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What the media said about Joule Unlimited: Joule Unlimited recently raised $70 million in private equity investment, bringing in over $110 million over the lifetime of the company, which broke ground at its first production site in 2011.

What we think: Though its fundraising to date has been impressive, we maintain our skeptical view on Joule due to the company’s inability – or unwillingness – to provide details on its lofty claims* In our previous conversation, CEO Bill Sims was unable to answer basic questions* about its Dutch subsidiary and fundamental cost metrics, among other items.

However, the real concern with Joule, underscored by the recent news item, is its lack of commercial partners. The company’s recent funding round, unlike SG’s and CoolPlanet’s recent rounds, did not feature any corporate investors. Though Joule’s ability to raise money in an environment where institutional investors are turning elsewhere does warrant some praise, its lack of commercial partners will hurt the company as it scales up its novel technology and faces a myriad of technical challenges. Companies and investors should approach with caution.

* Client registration required.

GE and partners back Emefcy’s energy-positive water treatment technology

Late last month, Energy Technology Ventures (a joint venture between GE, NRG Energy, and ConocoPhilips) announced plans to invest an undisclosed amount in Israeli company Emefcy. Additional investors included Pond Venture Partners, Plan B Ventures, and Israel Cleantech Ventures.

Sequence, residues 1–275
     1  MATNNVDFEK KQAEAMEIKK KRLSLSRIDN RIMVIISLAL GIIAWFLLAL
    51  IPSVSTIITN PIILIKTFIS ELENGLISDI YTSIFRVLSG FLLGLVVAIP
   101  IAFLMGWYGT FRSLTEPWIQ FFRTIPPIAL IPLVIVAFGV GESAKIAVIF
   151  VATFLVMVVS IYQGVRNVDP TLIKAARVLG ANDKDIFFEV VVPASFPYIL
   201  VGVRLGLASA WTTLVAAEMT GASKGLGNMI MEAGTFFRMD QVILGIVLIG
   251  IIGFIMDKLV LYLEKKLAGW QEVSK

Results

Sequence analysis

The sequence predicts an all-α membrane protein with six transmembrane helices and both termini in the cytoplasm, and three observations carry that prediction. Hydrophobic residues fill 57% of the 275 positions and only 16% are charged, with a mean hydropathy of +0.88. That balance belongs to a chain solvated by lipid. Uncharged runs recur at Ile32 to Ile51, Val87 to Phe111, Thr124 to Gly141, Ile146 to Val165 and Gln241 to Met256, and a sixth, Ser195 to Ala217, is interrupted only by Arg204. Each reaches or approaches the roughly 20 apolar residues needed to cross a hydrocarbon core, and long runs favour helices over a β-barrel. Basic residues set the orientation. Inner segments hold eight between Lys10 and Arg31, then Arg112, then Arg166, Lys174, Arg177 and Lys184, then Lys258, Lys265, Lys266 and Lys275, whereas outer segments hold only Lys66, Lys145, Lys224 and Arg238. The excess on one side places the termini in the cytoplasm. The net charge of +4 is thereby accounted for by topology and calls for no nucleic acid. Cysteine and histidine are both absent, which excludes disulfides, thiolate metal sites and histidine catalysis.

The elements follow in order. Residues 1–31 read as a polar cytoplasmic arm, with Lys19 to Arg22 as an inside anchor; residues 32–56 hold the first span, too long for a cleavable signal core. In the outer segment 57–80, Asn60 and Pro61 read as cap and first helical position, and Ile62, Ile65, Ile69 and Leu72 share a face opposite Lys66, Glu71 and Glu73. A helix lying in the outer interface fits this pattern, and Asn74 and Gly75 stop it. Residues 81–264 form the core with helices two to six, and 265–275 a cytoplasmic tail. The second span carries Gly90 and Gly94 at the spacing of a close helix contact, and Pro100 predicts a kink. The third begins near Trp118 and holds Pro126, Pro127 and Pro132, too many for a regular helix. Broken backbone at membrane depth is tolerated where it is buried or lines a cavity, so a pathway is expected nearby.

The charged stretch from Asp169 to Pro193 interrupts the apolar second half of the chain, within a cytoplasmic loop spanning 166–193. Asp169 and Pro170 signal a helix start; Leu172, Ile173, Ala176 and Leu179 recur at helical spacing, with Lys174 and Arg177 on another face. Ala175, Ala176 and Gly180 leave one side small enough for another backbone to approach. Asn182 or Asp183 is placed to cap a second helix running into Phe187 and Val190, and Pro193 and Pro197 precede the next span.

Emefcy has developed a microbial fuel cell (MFC) that uses naturally-occurring bacteria in an electrogenic bioreactor to treat wastewater and generate electricity. It works by using bacteria to biologically oxidize organic chemicals dissolved in wastewater. Specifically, the bacteria release electrons, free protons, and CO2 as part of their metabolic processes. The electrons are captured by the anode, while the free protons combine with oxygen that permeates the cathode to make water and complete the electrical circuit.

In effect, Emefcy’s technology harvests renewable energy directly from wastewater. This, the company claims, is less energy-intensive than conventional aerobic processes or methane-producing anaerobic digestion, and enables an energy-positive wastewater treatment plant. According to both Emefcy and Energy Technology Ventures, the benefits of this technology are both economic and environmental. In its release, Emefcy states that “conventional wastewater treatment uses 2% of global power capacity (80,000 megawatts and 57,000,000 tons per year of carbon dioxide), costing $40 billion per year.”

While GE’s interest in the technology is remarkable, arch competitor Siemens reported in a poster session at this week’s Singapore International Water Week that it is in the process of building its own pilot scale MFC.

Emefcy’s target markets include wastewater treatment in the food and beverage, pharmaceutical and chemical industries. We estimate that the addressable market size is $4.25 billion, comparable to that of membrane bioreactors plus conventional aerobic treatment equipment. The company plans to use Energy Technology Ventures’ investment to further develop the technology into a full-scale commercial plant by the end of this year “for municipal and industrial wastewater treatment,” said Emefcy’s CEO Eytan Levy.

GE is a large player in wastewater treatment, and is expanding its technology focus on Israel, calling it the “Silicon Valley of water technology.” In fact, GE recently opened its newest research and development center in Haifa, which will partner with local technology companies and universities to develop clean energy, water, and healthcare technologies. GE is also partnering with Kinrot Ventures, an incubator company that’s based in Israel and active in the water space.